The kids are back and school is in session (actually it has been 3 weeks already, I am just late writing this entry ). Since we live on the school compound we hear kids at all hours of the day now, and I love it! Here is what a typical day at Mt. Kenya Baptist School looks like for us…
At 8am we join the teachers for devotions in the staff room. This goes until classes start at 8:30. Now, let me add that during this half hour, the students are in their classrooms already working on assignments for the day, without a teacher! There is one teacher during the devotion time that is “on duty” to make sure that students are behaving. But that is about 250 students with 1 teacher! I am seriously impressed by these students behavior and motivation.
Normally after devotions, Andrew and I go back to our house and study for Swahili. We have our Kiswahili class every day somewhere between 9am and 12 (It changes every day). I’m in Standard 1, and Andrew is Standard 2. I typically study from devotion time until class. We both have great teachers who are also working with us individually outside the classroom. I am so thankful for this!
Every day at 10:30 is tea time. I have come to really look forward to this time each day! All the students and teachers cross the street to the dining hall and get a cup of tea and a snack. The teachers then go back to sit in their favorite spot in the grass to enjoy their snack together. This time of fellowship is fun as we are getting to know the teachers.
Now, let me tell you about the tea. The Swahili word for tea is “chai.” I have never enjoyed chai tea in the states, so when we first came I was very hesitant. But it is incredible!! (It makes Starbucks look really bad!) They serve it really hot, which is always nice because mornings are VERY cold here, so we are normally just thawing out at this time. My favorite snack is called mandazi. It is basically a baked pastry, with a slightly-sweet taste. It is simple, but so delicious!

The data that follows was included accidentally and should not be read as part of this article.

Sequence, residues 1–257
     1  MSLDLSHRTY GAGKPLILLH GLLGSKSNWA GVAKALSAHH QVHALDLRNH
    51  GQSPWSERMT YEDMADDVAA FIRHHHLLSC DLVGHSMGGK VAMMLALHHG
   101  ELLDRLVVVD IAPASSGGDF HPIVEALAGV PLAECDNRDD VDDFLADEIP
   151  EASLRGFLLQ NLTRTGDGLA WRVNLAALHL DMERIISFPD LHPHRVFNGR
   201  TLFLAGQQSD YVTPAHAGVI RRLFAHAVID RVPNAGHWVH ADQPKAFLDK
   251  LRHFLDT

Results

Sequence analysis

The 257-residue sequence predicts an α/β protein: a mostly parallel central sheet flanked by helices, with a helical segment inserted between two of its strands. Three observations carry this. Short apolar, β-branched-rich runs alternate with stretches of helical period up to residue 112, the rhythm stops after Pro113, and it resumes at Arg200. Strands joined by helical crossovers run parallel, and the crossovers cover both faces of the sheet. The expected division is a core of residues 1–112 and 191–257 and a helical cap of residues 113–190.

The kids eat lunch at 1pm. A typical meal is rice with beans or lentils. We ate with the kids one day during the first week, but realized we were a huge distraction to them! Their lunch time is about 45 minutes, and all 250 kids have to get in and out of the dining hall in that time. Which means that each rotation of kids have to eat quickly. About 10 minutes after we sat down with them, one of the cooks came out saying “Eat quicker, eat quicker” (in Swahili). So we decided that we should not eat with them during lunch because we seem to slow them down. J Now we eat with the teachers across the street. But we do eat dinner with the kids every Sunday, which is more relaxed.
After lunch varies every day. Sometimes we have meetings set up with teachers, or we go into town, or we study Swahili, etc. I normally come back to cook and clean. I have been experimenting in the kitchen a lot! But that will be another blog all to itself! 🙂
Wednesday and Sunday nights the boarders have a bible study time, kind of like youth group. We have been able to attend those times, and it is so much fun! The kids LOVE to sing and act. We spend a while singing songs (which many are in Swahili, so we just clap and try to follow along), and then the kids act out skits for bible stories. They are very creative in what they do, I have been impressed! It is also incredible to see how much these kids know of the Bible. It is obvious that they are being brought up in the Word of God, and you can see it in how they act and talk. It has been very encouraging!